A solo exhibition by the artist Nickie Hayden, a member of our Associate Gallery Artist (AGA) group at the Olivier Cornet Gallery.
Online Launch of the exhibition: Sunday 8 November in our 3D Virtual Space (which will be activated then). A special online event, including poetry reading, will take place the following week, details to be announced soon.
Availability of the show: Tuesdays to Sundays at the gallery from 1st December 2020 (or as soon as Covid Level 5 measures have been lifted). The show is also available in our 3D Virtual Space from 8 November onwards. Images of the work are also available on the exhibition’s page, see link at the end of this announcement.
The exhibition will run at the gallery until 13 December.
Nickie Hayden’s solo show features a series of new oil paintings, an installation and a haiku wheel. See the artist’s statement below for more details. The exhibition also includes a series of limited-edition screen-prints by Catherine Ann Cullen, Theo Dorgan, Rachael Hegarty, Paula Meehan and Peter Money. The paper is Somerset, satin soft white, 300 mgs, acid free. Editioned by the artist Robert Russell in a limited edition of 20 each, numbered and signed by their authors. Priced at 50 Euro each (unframed), this is a great opportunity to acquire a poem by some of Ireland’s foremost poets. Please note the proceeds from the sale of Peter Money’s poem (on which the exhibition is based) will go to immigrants poets in need of support.
“My work brings together various elements within an exhibition space, creating a linked series of works using different media that invites the audience to interact and respond on an emotional level. I often invite other artists to respond and contribute elements to the exhibition that will further develop the narrative.
This exhibition and installation is a response to a poem written by the American poet Peter Money, who was taught by Allen Ginsberg. I was introduced to Money while working towards a previous exhibition that was run in the James Joyce Centre. In Peter Money’s work, I found an echo of something that I was very familiar with. The poem I am responding to is called ‘To The Lady in Pink Standing On Top The Bridge’. This poem describes a girl wearing a pink dress on Brooklyn Bridge. It looks as though she may jump from the bridge, and there is a person in a taxi watching this unfold. It is up to the reader to decide whether the girl decides to jump or not, and this forms the basis of the idea for my exhibition. In my interpretation she does not jump, and so the pink dress represents her sanctuary. It is this sanctuary, nourishment and inner strength that I have represented in this new body of work.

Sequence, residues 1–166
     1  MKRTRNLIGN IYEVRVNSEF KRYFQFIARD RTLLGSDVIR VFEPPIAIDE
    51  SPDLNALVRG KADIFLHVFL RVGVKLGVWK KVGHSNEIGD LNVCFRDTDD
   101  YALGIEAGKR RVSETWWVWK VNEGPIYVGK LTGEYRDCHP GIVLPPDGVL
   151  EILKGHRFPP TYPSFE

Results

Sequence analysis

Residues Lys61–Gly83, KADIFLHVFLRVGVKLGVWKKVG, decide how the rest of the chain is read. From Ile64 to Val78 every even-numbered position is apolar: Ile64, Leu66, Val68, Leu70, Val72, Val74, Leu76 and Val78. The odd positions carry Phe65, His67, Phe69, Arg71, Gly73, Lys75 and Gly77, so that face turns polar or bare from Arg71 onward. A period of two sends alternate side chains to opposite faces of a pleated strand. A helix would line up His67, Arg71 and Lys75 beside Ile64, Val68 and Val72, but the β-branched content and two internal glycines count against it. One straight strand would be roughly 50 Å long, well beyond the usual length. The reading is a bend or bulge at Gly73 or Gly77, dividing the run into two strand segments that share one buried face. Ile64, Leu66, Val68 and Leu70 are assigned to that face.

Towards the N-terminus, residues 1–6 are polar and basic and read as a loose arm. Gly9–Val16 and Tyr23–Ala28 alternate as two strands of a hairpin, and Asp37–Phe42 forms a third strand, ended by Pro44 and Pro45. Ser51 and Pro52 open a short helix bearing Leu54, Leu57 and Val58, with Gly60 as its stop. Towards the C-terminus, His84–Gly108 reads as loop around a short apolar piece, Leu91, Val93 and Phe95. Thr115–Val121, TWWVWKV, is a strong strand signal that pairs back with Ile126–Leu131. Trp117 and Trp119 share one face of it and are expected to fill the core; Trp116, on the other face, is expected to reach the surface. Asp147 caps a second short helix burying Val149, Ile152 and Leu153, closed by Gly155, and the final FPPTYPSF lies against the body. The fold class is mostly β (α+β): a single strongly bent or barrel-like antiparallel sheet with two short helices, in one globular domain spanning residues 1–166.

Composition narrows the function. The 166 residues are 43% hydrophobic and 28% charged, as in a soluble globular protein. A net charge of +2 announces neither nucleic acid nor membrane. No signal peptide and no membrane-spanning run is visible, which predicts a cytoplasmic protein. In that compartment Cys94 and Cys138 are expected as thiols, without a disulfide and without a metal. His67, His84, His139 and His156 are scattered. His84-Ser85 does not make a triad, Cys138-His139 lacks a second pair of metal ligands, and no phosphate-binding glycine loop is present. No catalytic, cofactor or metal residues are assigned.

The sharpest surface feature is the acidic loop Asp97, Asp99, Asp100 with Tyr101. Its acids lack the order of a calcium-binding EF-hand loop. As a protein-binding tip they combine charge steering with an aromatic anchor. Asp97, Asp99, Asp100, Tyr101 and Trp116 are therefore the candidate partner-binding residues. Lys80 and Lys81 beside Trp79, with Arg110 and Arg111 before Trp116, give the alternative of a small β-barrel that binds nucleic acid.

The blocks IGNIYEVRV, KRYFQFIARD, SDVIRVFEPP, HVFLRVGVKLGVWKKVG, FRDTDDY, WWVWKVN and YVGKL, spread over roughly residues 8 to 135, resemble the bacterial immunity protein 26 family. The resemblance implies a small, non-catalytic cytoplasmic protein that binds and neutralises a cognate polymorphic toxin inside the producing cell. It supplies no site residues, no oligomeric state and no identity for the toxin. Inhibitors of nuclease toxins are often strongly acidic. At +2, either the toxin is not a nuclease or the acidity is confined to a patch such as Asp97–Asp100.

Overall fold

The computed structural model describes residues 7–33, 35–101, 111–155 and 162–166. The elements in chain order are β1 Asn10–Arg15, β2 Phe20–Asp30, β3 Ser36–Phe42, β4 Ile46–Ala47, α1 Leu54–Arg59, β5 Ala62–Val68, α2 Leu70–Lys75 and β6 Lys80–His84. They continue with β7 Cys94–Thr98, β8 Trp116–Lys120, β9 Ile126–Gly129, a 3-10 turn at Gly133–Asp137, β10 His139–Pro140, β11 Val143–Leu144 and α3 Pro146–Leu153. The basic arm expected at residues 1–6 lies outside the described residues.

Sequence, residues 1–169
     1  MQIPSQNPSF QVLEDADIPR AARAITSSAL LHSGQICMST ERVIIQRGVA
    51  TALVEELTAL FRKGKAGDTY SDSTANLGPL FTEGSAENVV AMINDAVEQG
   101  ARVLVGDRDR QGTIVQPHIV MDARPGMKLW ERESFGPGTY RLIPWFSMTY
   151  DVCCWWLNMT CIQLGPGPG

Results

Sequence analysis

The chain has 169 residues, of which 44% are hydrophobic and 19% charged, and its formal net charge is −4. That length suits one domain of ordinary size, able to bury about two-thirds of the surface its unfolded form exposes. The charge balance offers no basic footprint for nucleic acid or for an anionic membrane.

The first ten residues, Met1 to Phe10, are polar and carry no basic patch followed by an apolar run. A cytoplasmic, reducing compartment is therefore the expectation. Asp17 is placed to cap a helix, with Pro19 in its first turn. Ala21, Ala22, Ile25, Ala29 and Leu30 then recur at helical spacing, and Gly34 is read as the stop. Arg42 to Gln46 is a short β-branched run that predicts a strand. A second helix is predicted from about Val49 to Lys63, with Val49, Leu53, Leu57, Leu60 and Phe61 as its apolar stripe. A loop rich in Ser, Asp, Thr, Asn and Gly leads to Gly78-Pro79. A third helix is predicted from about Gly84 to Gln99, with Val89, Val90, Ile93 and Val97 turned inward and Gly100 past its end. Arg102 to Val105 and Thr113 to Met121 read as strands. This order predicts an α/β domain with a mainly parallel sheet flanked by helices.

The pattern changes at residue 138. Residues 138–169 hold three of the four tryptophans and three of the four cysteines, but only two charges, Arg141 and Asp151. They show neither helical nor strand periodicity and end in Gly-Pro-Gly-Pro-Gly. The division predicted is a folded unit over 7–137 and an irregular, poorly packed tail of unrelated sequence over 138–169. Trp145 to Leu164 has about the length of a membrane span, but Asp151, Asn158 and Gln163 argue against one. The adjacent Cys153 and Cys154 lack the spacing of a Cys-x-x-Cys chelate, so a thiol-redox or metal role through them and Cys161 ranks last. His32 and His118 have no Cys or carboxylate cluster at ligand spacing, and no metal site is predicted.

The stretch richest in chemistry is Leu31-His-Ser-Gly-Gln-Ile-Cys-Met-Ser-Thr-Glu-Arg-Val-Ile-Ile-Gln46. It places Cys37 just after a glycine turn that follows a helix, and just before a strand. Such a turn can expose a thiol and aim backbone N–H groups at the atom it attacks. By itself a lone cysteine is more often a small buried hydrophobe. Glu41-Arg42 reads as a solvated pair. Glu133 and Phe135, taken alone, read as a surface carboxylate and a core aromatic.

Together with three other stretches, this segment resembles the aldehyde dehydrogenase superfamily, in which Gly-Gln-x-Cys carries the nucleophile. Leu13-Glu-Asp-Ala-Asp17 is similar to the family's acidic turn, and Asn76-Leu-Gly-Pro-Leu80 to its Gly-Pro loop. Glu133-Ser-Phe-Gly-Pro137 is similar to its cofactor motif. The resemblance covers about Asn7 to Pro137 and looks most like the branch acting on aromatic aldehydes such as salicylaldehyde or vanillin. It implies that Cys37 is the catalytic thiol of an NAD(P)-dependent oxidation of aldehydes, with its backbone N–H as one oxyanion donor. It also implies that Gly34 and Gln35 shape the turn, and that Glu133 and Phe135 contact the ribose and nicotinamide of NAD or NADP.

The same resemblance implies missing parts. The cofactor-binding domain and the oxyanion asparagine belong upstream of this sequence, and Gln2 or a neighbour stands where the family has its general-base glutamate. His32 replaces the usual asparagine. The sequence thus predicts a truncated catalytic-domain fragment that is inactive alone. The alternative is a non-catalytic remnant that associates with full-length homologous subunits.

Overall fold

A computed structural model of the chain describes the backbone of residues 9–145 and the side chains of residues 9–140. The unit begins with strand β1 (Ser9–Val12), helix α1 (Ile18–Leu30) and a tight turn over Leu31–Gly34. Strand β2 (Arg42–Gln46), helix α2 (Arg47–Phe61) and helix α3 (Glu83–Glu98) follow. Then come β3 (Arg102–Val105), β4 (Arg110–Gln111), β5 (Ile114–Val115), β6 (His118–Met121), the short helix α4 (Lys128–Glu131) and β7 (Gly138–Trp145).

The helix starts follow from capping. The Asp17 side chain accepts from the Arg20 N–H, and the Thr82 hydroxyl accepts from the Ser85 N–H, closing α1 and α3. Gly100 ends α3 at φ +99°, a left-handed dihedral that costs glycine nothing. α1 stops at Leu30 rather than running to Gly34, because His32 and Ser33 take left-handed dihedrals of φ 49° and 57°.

There are several elements to this project. I have made a pink tent to echo the girl’s pink dress. The tent shape is geometric and strong, representing a safer and sturdier place for inner strength to evolve. The tent walls are made from Perspex filled with pink sea salt crystals, allowing the light to filter through. Crystals are known to represent grounding and strength and have a magical feel about them. I have attached collected poems within the tent on translucent paper that are in turn effected by the light. My aim is for this to feel incredibly peaceful to the audience.
Poets Theo Dorgan, Rachael Hegarty, Catherine Ann Cullen and Paula Meehan have contributed poems for this that connect with the idea of sanctuary, and I have worked with the Saol Project, a woman’s group in Dublin’s inner city, and they have written and contributed Haiku to the project.
Another part of the project is a Haiku wheel, an element that I have previously used in other projects. I have enlisted the help of Haiku expert Toyomi Iwawaki-Riebel, a lecturer of Japanese Studies at the University of Erlangen-Nurnberg. She has collected Haiku from poets and philosophers from all over the world. These collected Haiku have also been inspired by Money’s poem and they introduce a different perspective to the project.”
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